Kim Jong-il may have been all smiles and handshakes with Bill, but just a few days ago his regime was in something of a slanging match with the other Clinton.
On a recent visit to New Delhi, Hillary, the Secretary of State, bemoaned the North Korean leadership's "constant demand for attention," before adding: "Maybe it's the mother in me or the experience that I've had with small children and unruly teenagers."
The North Koreans' response was firm. "We cannot but regard Mrs Clinton as a funny lady as she likes to utter such rhetoric, unaware of the elementary etiquette in the international community," a spokesperson said. "Sometimes she looks like a primary schoolgirl and sometimes like a pensioner going shopping."
The name-calling between Washington and Pyongyang is not new. George W Bush branded Kim Jong-il "a spoiled child at a dinner table". The North Koreans called Bush a "tyrannical imbecile" lacking "even an iota of elementary reason". And in 1968, North Korea's Major-General Pak Chung Kuk called Lyndon Johnson a "living corpse" ("Two U.S. journalists freed from Korean gulag" : The Independent).
Personally, I believe what will drive North Korea-U.S. relations as well as with the other four parties from the six party framework, is how each party comes to accept the fact that North Korea will never give up its nuclear weapons.This stands in stark and direct conflict with the fact that the United States will never accept North Korea as a legitimate nuclear power along the lines that the U.S. has with India -- and rightly so.
But, I do believe the U.S. would be content to see a steady-state where North Korea has nuclear weapons, but doesn't share/sell nuclear weapons or technology to other countries or non-state actors. Of course, this would hinge on North Korea not testing nuclear weapons (you can see this as the U.S. -- I'm thinking Department of Defense here, which has a different definition as to what constitutes a nuclear test than the U.S. State Department). And, of course, this action by the U.S. would in and of itself be a security guarantee for North Korea -- while not directly in the form of an alliance, the U.S. will do everything in its power to make sure a state with nuclear weapons does not collapse (think Pakistan).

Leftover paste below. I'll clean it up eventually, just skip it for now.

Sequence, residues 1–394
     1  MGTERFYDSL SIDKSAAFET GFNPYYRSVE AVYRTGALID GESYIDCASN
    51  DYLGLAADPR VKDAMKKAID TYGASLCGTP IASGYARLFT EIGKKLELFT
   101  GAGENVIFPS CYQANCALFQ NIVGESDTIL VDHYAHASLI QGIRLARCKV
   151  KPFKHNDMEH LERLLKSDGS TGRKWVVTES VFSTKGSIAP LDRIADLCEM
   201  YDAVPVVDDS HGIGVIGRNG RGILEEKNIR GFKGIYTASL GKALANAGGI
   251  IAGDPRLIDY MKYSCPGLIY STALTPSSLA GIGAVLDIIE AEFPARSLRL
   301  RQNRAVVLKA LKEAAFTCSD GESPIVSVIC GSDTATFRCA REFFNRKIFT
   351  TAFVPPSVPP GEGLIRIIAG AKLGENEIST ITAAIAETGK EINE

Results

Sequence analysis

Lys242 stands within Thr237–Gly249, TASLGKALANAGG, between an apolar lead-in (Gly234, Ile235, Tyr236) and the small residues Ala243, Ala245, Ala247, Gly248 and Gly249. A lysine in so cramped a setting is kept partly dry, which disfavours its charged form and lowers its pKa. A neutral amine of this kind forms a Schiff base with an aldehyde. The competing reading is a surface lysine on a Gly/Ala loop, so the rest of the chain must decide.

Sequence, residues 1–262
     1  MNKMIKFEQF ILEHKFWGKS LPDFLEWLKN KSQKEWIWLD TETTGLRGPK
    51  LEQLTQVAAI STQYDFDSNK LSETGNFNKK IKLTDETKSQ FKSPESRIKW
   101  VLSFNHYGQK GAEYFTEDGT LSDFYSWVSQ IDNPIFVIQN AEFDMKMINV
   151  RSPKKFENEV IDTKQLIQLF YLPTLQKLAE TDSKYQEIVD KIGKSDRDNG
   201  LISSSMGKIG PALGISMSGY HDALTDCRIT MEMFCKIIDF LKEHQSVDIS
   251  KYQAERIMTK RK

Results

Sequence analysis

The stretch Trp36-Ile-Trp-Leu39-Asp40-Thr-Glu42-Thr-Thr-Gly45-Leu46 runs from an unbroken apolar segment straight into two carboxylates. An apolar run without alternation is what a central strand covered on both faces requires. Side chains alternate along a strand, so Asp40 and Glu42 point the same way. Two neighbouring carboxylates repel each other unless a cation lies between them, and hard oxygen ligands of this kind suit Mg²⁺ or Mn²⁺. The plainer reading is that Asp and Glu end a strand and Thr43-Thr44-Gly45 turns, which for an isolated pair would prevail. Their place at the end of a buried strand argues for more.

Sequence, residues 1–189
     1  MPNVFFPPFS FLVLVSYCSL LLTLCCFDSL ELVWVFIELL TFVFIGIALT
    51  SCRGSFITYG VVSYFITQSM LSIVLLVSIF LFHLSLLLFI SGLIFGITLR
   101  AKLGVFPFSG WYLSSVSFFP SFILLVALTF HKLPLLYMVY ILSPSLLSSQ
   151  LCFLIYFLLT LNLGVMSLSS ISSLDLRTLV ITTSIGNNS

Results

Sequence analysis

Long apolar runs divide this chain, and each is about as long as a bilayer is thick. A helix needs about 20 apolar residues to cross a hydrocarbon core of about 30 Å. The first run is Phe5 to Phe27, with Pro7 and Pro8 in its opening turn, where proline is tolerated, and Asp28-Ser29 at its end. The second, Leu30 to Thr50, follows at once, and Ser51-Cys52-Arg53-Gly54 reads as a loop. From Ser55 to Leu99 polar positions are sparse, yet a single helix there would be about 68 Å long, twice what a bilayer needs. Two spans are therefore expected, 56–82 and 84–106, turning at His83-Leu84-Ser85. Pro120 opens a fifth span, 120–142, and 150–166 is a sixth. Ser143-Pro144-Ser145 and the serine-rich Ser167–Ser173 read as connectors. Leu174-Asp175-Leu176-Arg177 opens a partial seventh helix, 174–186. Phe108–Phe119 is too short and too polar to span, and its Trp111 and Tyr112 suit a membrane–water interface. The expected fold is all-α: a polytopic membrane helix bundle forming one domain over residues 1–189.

But, pessimissm aside, I have a feeling that come one year -- and provided Kim Jong Il doesn't die, not much will have changed from how things were perhaps a couple years ago. If North Korea returns to a posture where it looks like it is going to negotiate, then South Korea can again start trading with North Korea and, well, unfortunately Japan looks like the odd man out (I'm quite concerned about what would happen if Japan's interests were not considered by the U.S., leading to Japan re-arming. Japan has quite a few greivances with all her neighbors: Kuril Islands/lack of peace treaty (Russia), Liancourt Rocks (Korea), No Peace Treaty (North Korea), and the Senkaku Islands (China/Republic of China(Taiwan)). I'm probably missing some others as well.
Anyways, I'm thinking that at best we can expect a return to the status quo and see what type of vocabulary each country uses to come up with a tacit acceptance of North Korea's nuclear weapons program as no country will go to war with North Korea to get rid of it.